How to Tell if Your Child is Having a Panic Attack
As a parent, few things are scarier or more stressful than seeing your child sick. When that illness is mental, parents can feel completely helpless. To make matters worse, mental illness sometimes looks different in children and adolescents than in adults. So, it can be hard for parents to recognize what’s happening with their children. Instead, they just know that something is wrong. If your child has mental health symptoms intermittently, it could be panic attacks. Be sure to learn about panic attacks in children and teens.
Symptoms of Panic Attacks
When it comes to minors, preteens and teens are most likely to have panic attacks. However, children of all ages can develop anxiety and panic disorder. Many of the symptoms are similar to what adults feel during a panic attack, including a feeling like something bad is going to happen and racing thoughts. Of course, it can be difficult to identify these symptoms from the outside, especially if the child has a hard time expressing these feelings. Some signs of panic attacks in children that parents can notice include:
- Sweating palms
- Shortness of breath
- Seeming “spaced out”
- Scared expression
- Excessive crying
- Complaining of stomach pains
- Tense muscles
Panic attacks generally last for short periods, about 30 minutes to an hour. However, every person’s experience is different. After an episode, children and teens may seem worried that it will happen again, which is a sign of panic attacks.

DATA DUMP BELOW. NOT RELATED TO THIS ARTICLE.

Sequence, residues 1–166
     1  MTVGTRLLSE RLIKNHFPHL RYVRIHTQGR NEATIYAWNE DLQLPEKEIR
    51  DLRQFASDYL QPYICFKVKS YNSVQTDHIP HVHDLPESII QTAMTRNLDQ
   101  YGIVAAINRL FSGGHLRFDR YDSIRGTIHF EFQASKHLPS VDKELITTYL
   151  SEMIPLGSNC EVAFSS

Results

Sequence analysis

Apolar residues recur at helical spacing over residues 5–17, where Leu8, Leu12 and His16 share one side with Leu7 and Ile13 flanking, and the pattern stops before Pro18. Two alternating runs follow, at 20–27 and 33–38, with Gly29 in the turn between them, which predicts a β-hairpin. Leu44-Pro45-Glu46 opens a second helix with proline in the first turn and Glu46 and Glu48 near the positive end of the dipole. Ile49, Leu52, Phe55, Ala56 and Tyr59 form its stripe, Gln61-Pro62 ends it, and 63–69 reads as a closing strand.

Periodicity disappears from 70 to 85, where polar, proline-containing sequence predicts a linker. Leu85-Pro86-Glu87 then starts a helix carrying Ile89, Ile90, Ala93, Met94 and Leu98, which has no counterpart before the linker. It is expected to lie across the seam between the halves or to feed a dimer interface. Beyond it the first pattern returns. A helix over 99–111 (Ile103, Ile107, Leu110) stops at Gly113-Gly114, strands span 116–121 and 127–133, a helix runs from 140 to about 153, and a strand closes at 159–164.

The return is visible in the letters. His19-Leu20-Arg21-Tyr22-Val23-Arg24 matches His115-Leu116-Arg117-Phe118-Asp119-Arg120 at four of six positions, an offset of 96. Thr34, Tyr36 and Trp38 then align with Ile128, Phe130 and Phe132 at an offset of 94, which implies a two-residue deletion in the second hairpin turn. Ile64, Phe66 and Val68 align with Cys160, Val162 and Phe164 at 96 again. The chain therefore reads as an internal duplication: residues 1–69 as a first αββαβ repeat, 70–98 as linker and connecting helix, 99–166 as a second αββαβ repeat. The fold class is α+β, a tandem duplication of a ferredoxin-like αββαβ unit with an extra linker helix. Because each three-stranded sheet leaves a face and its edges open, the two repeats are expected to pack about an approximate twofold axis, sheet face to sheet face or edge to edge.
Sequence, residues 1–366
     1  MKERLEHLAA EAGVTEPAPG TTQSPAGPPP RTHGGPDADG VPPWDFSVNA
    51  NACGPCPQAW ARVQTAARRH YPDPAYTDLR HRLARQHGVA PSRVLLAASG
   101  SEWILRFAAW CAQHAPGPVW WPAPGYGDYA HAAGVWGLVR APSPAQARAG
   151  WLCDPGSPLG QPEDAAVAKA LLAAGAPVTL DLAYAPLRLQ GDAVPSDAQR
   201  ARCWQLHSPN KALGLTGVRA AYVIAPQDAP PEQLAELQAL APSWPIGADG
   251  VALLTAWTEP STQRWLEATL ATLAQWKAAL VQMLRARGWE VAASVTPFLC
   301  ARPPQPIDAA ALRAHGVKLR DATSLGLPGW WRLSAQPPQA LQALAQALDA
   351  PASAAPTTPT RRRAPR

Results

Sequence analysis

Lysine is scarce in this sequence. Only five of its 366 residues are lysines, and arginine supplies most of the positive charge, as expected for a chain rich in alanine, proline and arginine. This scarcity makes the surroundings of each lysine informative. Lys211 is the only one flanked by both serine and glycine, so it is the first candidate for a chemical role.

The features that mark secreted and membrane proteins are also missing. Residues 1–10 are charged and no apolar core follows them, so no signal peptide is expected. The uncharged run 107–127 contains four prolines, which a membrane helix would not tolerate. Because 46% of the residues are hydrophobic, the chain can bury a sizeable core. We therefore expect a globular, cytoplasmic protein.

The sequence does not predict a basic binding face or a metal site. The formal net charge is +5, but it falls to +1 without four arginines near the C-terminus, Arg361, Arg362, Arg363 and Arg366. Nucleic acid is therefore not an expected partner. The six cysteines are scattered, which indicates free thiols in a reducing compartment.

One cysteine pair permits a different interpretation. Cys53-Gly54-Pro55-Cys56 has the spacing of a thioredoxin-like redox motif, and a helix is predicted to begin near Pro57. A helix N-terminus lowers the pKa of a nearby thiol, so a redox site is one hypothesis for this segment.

Why Do Children Have Panic Attacks?
There’s no single cause for panic attacks in children, and they can happen to anyone. However, some factorsincrease the likelihood of a child having a panic attack, including:
- Family history of mental disorders
- Personal history of panic, even if it does not meet the criteria for diagnosis
- Asthma or other respiratory disorders
- Significant changes or stress in life
- Uncharacteristic aggression or anger
Some teens develop panic disorder as a result of the stress and hormones that come with being a teen. Other children may panic after experiencing trauma. However, these episodes may be related to PTSD rather than panic disorder.
How You Can Help
If your child has panic attacks, you may not be as helpless as you feel. Knowing a few calming strategies and using them to help your child in the middle of an episode can shorten or stop a panic attack. Write down some of these strategies and use them as needed:
1) Stay Calm
In the middle of you child’s panic attack, try to seem calm on the outside. If your kid senses that you feel nervous about the situation, it may feed into the panic and makes things worse.
2) Identify Their Feelings
A child or teen in the middle of a panic attack may believe that they are dying. Although they can identify emotions they know, like sad or happy, panic may be too difficult to understand. Tell your child that although they feel scared, it is a trick in the mind. Validate the feeling without giving into to the fear.
3) Breathe Together
Deep breaths serve two important functions during a panic attack– they calm one of the most unnerving symptoms (shallow breathing) while taking focus away from the fears. Model deep breaths and ask you child to copy you. Breathe in through your nose, hold the breath, then breathe out through the mouth for about five seconds each step. Finally, the best thing you can do to help your child is seek professional guidance. The counselors and therapists at GBHP can help you and your family find peace. We can help your child address the underlying problems that cause panic attacks and learn coping mechanisms to help during difficult times. GBHP can also give parents the tools to support their children in healing.